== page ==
This was located after less than a minutes search and, as mentioned previously, I've purchased these for 2 cents less. I challenge anybody to find anything with vaguely similar capability and availability.

ps. It is also a requirement to consider shipping charges because they actually are included in the "free shipping" on all Ebay and Aliexpress deals.
« Last Edit: October 11, 2014, 12:39:18 pm by paulie »
 

Offline Kjelt

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Re: One Dollar One Minute ARM Development
« Reply #279 on: October 11, 2014, 02:22:46 pm »
Paulie: this is not how you compare prices, the reason that some person on Ebay can sell you some processor for a low price can have numerous causes, one that he overordered for a cancelled production and likes to see some return on his lost money (semiconductors can never be given back), another that he found some reels in a container in the alley and took them home.
Does that mean he can sell you 1 million of those processors if you wanted to go full production: NO.
Does that mean that this is the real cost of that processor: NO.
Does that mean ST sells them for that price: NO.
Give you an example, if you ask nicely I can sent you 10pcs of a STM8S208K8 for the shipping costs of the envelope, does that mean those processors cost 0,00 so are free? NO.

So to compare fairly you should talk to the manufacturer or use the quotes from the same source. Now lets take for instance Farnell that always has too high prices but that is because they give you a service namely you don't have to buy 1 million processors if you only want a few, they have large warehouses where they keep your stuff dry, a lot of personell that will get your stuff and sent it for the next day courier delivery, while on the other hand you had to wait for your container to arrive from China by boat in 2 months time  :).  Anyway that costs a lot extra so those prices are ofcourse much higher than if you ordered directly with the manufacturer BUT you can at least have a fair comparison if the source is equal.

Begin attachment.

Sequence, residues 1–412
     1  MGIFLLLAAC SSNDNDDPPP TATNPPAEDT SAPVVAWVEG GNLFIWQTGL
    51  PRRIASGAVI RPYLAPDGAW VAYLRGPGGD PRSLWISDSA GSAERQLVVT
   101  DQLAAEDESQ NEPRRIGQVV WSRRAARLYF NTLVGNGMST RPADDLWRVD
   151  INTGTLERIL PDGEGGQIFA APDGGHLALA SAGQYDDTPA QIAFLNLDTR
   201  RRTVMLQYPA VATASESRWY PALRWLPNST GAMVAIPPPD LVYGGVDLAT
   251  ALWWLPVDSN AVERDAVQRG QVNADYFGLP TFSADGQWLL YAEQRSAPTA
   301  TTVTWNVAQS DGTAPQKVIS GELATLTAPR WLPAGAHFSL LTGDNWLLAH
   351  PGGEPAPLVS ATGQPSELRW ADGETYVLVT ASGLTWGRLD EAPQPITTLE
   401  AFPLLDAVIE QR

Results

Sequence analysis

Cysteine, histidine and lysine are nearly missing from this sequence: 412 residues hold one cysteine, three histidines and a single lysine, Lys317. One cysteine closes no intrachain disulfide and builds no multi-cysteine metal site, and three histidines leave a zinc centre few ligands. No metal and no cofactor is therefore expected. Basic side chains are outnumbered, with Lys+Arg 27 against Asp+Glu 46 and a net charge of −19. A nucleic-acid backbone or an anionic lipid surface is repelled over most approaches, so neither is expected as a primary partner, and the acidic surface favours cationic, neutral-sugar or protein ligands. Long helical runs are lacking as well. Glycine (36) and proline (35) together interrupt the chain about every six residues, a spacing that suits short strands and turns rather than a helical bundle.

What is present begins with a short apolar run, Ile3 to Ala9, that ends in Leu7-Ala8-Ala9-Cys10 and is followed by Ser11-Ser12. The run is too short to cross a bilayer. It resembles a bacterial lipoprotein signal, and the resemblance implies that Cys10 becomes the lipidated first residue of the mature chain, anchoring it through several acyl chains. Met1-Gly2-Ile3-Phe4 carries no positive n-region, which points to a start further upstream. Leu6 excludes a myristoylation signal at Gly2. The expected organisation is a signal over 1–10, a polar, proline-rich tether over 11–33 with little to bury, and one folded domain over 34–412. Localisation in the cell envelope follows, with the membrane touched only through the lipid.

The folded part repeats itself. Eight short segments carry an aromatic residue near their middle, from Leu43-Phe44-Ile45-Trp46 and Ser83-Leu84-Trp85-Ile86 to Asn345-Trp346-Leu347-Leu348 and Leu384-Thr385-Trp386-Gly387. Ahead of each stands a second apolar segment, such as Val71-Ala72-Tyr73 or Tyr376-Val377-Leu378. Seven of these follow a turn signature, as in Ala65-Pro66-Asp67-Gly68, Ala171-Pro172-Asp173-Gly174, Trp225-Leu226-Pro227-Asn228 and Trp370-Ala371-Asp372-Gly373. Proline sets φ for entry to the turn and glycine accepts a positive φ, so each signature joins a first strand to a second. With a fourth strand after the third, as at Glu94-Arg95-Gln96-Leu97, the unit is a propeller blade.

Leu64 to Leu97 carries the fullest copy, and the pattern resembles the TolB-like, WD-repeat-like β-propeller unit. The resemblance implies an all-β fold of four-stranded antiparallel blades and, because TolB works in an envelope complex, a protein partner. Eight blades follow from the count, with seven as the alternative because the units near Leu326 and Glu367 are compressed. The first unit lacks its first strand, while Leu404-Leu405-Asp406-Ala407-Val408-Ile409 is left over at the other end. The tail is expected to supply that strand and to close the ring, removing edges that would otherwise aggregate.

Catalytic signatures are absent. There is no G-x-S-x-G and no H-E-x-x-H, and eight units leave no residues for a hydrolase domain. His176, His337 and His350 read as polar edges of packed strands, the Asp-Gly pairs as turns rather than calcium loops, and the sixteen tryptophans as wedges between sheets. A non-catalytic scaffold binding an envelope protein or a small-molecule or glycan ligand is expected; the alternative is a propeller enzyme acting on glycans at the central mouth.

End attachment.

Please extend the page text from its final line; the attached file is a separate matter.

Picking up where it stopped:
Take your STM8S003F3P6 and look at Farnell: they cost € 0,365  ex VAT per 1000 pieces and €0,351 per 8000 pieces.
Then look at the STM32F030 and they cost € 0,412 ex VAT per 1000 pieces.

So the cortex M0 costs 13% more than the STM8 (1000 pieces) BUT  the Cortex M0 has double flash, quadruple RAM and four times more speed AND it is 32 bits.

                                 STM8S0                           STM32F0
Program Memory Size:   8 KB                               16 KB
RAM Memory Size:         1 KB                                 4 KB
CPU Speed:                 16 MHz                             48 MHz
No. of I/O's:                16                                    15

I can not disclose or at liberty to disclose the prices what these devices cost if you buy them in large quantities but as I stated in the other topic, the CortexM0 is going to win on price and the reasons are the smaller nm production process (more dies per waver) and also important there are going to be a lot of competitors that are offering the Cortex M0.

« Last Edit: October 11, 2014, 02:25:19 pm by Kjelt »
 

Offline mrflibble

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Re: One Dollar One Minute ARM Development
« Reply #280 on: October 11, 2014, 02:39:46 pm »
Yup, the price point of cortex-M0 is going to be interesting the coming year or so. Aren't ST & NXP migrating some M0/M0+ designs from 90 nm to 40 nm? That would be even better for price per die.

Mmh, just checked the article I was thinking of ... that was about "some cortex-M series" being migrated, so not necessarily M0/M0+. But we'll see. Either way, cheaper cortex-M-anything is good news. :)
 

Offline westfw

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Re: One Dollar One Minute ARM Development
« Reply #281 on: October 12, 2014, 04:57:27 am »